Student Housing




2,19,000 sqft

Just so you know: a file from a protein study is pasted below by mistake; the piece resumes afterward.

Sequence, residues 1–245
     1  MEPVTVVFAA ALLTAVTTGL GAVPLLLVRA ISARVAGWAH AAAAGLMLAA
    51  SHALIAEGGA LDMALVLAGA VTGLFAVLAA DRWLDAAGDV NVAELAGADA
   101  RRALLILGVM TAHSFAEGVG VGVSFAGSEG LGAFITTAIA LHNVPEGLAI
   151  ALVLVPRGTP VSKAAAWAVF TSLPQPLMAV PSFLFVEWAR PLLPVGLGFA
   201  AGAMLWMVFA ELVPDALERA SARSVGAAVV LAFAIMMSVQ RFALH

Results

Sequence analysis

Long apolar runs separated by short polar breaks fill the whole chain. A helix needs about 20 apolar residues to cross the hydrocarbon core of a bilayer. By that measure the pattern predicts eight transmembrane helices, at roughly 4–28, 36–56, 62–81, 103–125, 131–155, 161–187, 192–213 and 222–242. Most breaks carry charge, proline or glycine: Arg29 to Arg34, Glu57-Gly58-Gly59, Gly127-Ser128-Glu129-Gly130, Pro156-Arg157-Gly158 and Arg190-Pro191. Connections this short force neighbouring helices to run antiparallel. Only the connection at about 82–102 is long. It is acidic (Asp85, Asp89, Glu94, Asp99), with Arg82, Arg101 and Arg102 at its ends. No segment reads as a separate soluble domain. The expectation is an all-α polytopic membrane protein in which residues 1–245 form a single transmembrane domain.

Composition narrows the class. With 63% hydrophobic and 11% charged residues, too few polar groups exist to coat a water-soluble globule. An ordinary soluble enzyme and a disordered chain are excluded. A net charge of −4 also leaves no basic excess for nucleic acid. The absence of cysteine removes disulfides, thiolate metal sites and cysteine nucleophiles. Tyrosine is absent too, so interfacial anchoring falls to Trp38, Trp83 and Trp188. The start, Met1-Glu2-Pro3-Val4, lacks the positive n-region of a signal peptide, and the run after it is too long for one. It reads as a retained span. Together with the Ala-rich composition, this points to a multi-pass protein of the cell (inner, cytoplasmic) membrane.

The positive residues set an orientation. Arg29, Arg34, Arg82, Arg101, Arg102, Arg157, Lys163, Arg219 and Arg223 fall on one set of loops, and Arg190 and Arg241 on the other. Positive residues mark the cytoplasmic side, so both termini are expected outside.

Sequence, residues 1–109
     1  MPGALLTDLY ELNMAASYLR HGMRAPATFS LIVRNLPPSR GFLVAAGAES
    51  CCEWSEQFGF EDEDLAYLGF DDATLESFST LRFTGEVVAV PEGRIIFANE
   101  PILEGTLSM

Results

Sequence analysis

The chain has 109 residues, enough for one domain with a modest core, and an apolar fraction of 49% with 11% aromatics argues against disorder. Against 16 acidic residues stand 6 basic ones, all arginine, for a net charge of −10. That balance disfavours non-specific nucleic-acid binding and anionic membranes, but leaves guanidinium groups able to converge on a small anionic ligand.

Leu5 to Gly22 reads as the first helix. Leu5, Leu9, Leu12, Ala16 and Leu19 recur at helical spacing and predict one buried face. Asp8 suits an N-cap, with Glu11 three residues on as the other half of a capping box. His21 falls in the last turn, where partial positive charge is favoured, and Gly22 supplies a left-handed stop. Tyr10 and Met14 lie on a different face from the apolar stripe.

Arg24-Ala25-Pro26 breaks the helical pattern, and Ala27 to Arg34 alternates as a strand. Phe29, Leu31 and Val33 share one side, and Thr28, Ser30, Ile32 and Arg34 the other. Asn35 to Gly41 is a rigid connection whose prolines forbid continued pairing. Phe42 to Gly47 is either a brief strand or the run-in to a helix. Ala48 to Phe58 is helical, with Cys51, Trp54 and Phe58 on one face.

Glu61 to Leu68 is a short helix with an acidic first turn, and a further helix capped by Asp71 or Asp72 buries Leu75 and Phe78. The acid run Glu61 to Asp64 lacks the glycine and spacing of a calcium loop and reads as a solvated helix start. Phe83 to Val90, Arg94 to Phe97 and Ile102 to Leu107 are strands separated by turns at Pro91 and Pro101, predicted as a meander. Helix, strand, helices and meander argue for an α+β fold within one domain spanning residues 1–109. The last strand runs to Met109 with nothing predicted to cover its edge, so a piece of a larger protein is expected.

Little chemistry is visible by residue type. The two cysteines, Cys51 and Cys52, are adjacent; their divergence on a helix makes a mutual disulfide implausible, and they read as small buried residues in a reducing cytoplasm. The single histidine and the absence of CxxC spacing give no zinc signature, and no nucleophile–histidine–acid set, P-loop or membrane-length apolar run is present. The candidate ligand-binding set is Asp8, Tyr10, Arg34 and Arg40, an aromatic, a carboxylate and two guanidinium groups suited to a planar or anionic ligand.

This student housing was deigned for Somaiya Trusts in Mumbai, India. A major part of the design brief of the student housing was its functionality and the performance of the building climatically throughout the year. The building has 7 different types of living accommodations. Starting with a dense configuration of a dormitory with bunk beds, a 3 sharing room, a studio apartment, a 1 bedroom hall apartment and a 2 bedroom hall apartment, special rooms for persons with disabilities, accommodation for staff and so on. This programmatic requirement created a unique opportunity. We were able to design an anthropometric grid for the spaces, which could be expanded or shrunk to fit the variety of living units. In addition to the living spaces, the buildings programme was further developed to provide recreational spaces like indoor games, a 400 seating capacity cafeteria and its kitchen, an ATM and a convenience store besides the functional spaces such as a pantry, a laundromat and study spaces. Accommodating a variety of spaces in one single building required us to develop a modular system for the structure and its architectural spaces. The building has created a unique environment for its occupants. Being a single large building of 21,000 square meters, the building provides adequate outdoor space on each floor in the form of open balconies and the covered circular lounges. To provide a sense of ‘open space’ to the occupants in a city like Mumbai was one of our design goals. One of the outcomes of the modular approach has been the creation of a sense of variety in spaces, while maintaining an architectural scale to the entire composition. Though, located in the hot and humid climate of Mumbai, the building has no air conditioning except for the ground floor office spaces. An aluminium screen facade on the East and a ceramic building envelope on the West, coupled with recessed windows creates a conducive interior environment even during the harshest sultry summer days. This reduction in heat gain has resulted in massive energy savings and a unique aesthetic appeal. In recent years, the effects of extreme heat on human health and comfort have become profound. Today, most people living in cities face the “urban heat island” phenomenon. Urban heat islands are a consequence of the rising temperature of trapped warm air caused by city elements such as buildings, roads, and vehicles. A ceramic building envelope offers a high potential as a cooling method, given its historical precedence, affordability, and accessibility. The module was designed to feature a hollow geometry with the highest possible ratio of surface area to internal volume. This extrapolates the interaction between the ceramic surface and air. The ceramic elements stack in a staggered formation similar to traditional bricklaying. This securely joins the structure horizontally and vertically, providing exceptional strength against gale force winds and rare seismic forces in the region. An important aspect of the project is the way it deals with space allocation and energy performance of the building in the dense urban context of Mumbai. To accommodate 900 plus people in a single building while providing a variety of living units is unique. Integrating such a dense programmatic requirement in a uniform - singular structure with a sense of scale is inspiring and can lead to many such energy efficient projects.

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